Monday, November 28, 2011

How about 'right to shirk' for taxpayers?

Rally against right-to-shirk in Indiana earlier this year.
Indianapolis Star columnist Dan Carpenter has a tremendous response to the Indiana politicians who are hell-bent on passing a right-to-work for less law next year. Carpenter proposes a "right to shirk" law.

He points out that right-to-work allows workers to shirk the cost of their union representation. And he suggests taxpayers be given the right to shirk the cost of their state government representation. In other words, if a Hoosier taxpayer doesn't like the job House Speaker Brian Bosma is doing, he could simply withhold his taxes.  

Carpenter writes,
The way it would work is, any taxpayer who did not care to pay for efforts undertaken on his behalf -- the salaries of the governor and legislators, say -- could simply opt out. If those public servants failed to make a strong enough case for voluntary contributions, they'd just have to go scratch.

How could House Speaker Brian Bosma, for instance, object? "The campaign for freedom," as he describes the Republican drive for right-to-work legislation, ought to extend to every citizen who doesn't want to pay for what he doesn't want to pay for.
Carpenter hits the nail on the head when he points out that right-to-work for less creates problems instead of solving them:
Like so much of the baldly partisan law that's been shoved through the Statehouse in recent years, right to work solves no problem in the real universe but instead creates new ones by antagonizing all sorts of folks, not only Democratic lawmakers, who might otherwise be enlisted to pursue the common good.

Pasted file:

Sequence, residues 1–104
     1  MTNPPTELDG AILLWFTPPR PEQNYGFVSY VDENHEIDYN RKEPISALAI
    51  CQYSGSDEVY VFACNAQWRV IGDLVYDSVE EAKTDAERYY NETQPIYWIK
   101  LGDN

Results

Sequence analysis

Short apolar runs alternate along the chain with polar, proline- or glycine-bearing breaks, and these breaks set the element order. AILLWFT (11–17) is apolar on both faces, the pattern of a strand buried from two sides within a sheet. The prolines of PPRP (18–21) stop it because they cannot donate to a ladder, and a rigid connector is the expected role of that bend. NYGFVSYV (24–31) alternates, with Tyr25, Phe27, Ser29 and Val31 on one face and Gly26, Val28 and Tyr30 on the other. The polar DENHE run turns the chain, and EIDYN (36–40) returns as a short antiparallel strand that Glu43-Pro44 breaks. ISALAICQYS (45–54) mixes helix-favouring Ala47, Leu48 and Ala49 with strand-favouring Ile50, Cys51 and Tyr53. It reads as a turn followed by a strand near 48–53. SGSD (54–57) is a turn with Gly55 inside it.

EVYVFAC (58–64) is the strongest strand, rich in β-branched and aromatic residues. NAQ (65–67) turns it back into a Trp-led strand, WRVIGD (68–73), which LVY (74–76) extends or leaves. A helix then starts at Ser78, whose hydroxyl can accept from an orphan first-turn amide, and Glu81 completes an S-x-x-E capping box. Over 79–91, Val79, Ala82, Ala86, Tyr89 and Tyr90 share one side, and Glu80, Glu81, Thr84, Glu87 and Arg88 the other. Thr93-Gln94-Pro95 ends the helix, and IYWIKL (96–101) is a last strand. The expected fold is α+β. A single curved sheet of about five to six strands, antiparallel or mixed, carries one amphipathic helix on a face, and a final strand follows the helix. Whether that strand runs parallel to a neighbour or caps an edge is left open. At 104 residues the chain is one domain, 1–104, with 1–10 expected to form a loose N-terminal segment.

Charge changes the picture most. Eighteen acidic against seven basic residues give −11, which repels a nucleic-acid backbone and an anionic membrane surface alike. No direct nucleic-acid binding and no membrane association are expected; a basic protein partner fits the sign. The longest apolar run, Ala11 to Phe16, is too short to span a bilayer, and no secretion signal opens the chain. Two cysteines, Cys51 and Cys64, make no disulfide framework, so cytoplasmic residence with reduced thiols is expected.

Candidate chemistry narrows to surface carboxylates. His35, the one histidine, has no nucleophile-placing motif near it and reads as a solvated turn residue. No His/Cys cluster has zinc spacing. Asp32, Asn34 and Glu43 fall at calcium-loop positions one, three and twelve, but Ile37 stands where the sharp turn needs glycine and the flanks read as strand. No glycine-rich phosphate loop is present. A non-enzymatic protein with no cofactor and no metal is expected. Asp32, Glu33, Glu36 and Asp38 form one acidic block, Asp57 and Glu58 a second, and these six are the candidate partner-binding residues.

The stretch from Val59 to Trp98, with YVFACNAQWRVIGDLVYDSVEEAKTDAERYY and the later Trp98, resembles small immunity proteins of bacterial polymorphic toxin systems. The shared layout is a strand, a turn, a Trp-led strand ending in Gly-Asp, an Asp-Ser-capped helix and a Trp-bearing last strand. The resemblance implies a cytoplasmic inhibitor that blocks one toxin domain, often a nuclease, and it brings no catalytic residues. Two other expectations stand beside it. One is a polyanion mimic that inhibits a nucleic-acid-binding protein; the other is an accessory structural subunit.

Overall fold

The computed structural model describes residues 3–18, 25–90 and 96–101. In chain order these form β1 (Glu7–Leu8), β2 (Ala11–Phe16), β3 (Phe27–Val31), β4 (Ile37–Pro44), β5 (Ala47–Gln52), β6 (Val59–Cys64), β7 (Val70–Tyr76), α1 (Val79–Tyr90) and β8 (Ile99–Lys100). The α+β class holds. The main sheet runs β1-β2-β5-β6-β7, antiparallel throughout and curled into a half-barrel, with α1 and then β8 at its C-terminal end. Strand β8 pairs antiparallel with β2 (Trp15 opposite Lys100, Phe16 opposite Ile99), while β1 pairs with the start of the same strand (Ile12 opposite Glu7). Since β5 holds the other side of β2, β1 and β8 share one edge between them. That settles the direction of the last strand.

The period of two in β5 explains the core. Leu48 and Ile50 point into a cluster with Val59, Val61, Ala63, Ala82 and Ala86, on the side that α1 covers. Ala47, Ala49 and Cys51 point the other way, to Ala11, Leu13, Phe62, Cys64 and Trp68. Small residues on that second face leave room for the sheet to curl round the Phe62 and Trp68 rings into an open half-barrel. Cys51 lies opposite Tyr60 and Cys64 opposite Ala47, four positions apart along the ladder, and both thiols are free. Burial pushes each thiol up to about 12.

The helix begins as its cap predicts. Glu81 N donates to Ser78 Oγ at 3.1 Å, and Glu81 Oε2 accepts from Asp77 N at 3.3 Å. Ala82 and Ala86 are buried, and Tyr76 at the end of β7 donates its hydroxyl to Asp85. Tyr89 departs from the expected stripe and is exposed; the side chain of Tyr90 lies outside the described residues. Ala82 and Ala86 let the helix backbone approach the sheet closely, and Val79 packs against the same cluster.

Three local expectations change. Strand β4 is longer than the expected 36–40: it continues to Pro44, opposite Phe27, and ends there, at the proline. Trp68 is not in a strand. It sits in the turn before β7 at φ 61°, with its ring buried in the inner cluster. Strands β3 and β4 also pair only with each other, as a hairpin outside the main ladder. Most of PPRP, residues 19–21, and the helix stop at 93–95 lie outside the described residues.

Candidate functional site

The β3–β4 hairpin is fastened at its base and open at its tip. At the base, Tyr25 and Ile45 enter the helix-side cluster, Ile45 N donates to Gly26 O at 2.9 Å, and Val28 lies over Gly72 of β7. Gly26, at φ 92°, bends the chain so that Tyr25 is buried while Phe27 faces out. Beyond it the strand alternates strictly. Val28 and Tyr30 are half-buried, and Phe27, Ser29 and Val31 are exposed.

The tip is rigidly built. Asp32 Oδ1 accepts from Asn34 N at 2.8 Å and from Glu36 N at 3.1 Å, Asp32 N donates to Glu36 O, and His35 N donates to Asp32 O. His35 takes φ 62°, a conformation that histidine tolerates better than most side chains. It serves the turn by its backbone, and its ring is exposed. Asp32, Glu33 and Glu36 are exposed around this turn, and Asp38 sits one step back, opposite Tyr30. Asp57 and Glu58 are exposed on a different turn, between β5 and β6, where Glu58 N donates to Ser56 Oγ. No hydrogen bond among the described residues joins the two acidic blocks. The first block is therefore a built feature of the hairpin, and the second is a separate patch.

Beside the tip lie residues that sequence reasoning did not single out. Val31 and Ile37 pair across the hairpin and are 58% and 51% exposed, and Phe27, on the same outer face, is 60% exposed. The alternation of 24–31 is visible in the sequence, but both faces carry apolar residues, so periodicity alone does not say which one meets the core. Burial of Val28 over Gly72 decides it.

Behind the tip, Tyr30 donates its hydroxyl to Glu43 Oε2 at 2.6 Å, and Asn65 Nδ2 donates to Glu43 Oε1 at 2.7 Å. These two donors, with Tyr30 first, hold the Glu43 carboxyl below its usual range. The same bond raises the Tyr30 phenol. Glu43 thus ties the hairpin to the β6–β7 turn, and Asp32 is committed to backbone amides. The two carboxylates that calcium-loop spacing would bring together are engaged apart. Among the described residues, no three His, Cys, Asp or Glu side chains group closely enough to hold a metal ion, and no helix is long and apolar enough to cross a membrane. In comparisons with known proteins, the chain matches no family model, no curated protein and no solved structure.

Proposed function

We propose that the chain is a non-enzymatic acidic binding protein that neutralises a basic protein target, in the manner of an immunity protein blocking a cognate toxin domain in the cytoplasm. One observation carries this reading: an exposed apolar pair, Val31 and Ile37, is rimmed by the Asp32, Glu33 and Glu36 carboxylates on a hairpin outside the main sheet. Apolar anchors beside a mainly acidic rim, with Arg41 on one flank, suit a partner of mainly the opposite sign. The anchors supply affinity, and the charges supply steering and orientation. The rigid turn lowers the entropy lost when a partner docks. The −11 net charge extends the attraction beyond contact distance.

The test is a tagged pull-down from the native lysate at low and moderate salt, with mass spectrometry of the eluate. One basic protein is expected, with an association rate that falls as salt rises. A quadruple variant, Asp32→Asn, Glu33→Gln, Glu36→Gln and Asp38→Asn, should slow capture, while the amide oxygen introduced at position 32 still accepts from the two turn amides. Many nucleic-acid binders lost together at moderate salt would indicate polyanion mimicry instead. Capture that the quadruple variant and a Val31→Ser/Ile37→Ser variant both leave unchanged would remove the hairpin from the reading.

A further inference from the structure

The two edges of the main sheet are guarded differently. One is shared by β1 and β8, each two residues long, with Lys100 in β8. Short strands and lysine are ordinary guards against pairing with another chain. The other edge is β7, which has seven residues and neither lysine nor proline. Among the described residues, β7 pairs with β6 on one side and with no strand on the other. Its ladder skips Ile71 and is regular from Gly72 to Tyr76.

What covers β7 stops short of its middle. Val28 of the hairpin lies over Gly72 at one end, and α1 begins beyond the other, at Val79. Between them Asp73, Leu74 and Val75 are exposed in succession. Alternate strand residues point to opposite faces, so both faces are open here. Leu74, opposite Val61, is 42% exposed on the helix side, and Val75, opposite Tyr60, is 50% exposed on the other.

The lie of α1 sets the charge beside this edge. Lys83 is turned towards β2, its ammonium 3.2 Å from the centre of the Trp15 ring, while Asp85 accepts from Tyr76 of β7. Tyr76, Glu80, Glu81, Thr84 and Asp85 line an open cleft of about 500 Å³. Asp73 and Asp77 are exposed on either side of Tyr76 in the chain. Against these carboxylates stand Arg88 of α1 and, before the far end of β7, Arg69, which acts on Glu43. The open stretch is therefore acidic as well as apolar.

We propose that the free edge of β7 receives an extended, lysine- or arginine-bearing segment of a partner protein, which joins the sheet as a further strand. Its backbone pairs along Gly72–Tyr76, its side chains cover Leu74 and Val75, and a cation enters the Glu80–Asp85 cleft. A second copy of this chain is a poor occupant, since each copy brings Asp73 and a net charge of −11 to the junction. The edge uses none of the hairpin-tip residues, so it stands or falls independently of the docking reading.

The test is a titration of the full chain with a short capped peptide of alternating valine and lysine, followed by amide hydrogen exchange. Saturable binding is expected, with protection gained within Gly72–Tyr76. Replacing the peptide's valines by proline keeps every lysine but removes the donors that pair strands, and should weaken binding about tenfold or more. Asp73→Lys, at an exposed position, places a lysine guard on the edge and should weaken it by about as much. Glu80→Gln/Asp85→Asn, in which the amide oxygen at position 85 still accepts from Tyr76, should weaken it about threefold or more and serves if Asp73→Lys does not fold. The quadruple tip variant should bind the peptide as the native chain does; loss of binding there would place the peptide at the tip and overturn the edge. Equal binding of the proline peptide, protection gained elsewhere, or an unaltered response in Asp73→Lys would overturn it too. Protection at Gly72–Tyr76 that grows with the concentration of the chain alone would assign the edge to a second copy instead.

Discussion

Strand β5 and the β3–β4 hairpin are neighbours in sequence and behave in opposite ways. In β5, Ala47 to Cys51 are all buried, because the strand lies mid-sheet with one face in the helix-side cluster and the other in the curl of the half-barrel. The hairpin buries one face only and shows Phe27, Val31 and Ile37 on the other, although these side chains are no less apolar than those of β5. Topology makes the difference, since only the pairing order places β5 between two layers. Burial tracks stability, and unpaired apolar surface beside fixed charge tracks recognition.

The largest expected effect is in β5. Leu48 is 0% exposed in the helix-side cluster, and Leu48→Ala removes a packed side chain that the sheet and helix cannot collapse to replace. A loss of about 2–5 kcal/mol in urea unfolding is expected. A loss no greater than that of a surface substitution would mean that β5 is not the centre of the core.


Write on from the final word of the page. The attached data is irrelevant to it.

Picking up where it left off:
Wouldn't it be better, he asks, for Republicans and Democrats to work together to pass the Democrats' long list of jobs bills? (Short answer: Yes.)

Lonnie Stevans, a professor at Hofstra University, wrote a letter to the editor of the Muncie Star Press pointing out the real reason for right-to-work for less laws:

The results of my research show that there is no difference in the number of business formations between right-to-work and non-right-to-work states.

Moreover, from a state's economic standpoint, being right-to-work yields little or no gain in employment and real economic growth. In fact, wages and personal income are lower in right-to-work states.

Given this, one has to wonder if there are ulterior reasons for the unrelenting promotion of the right-to-work "philosophy" -- and if these reasons are grounded in an anti-worker, anti-union mentality.
Keep up with the war on workers in Indiana at the StandUpForHoosiers Facebook page.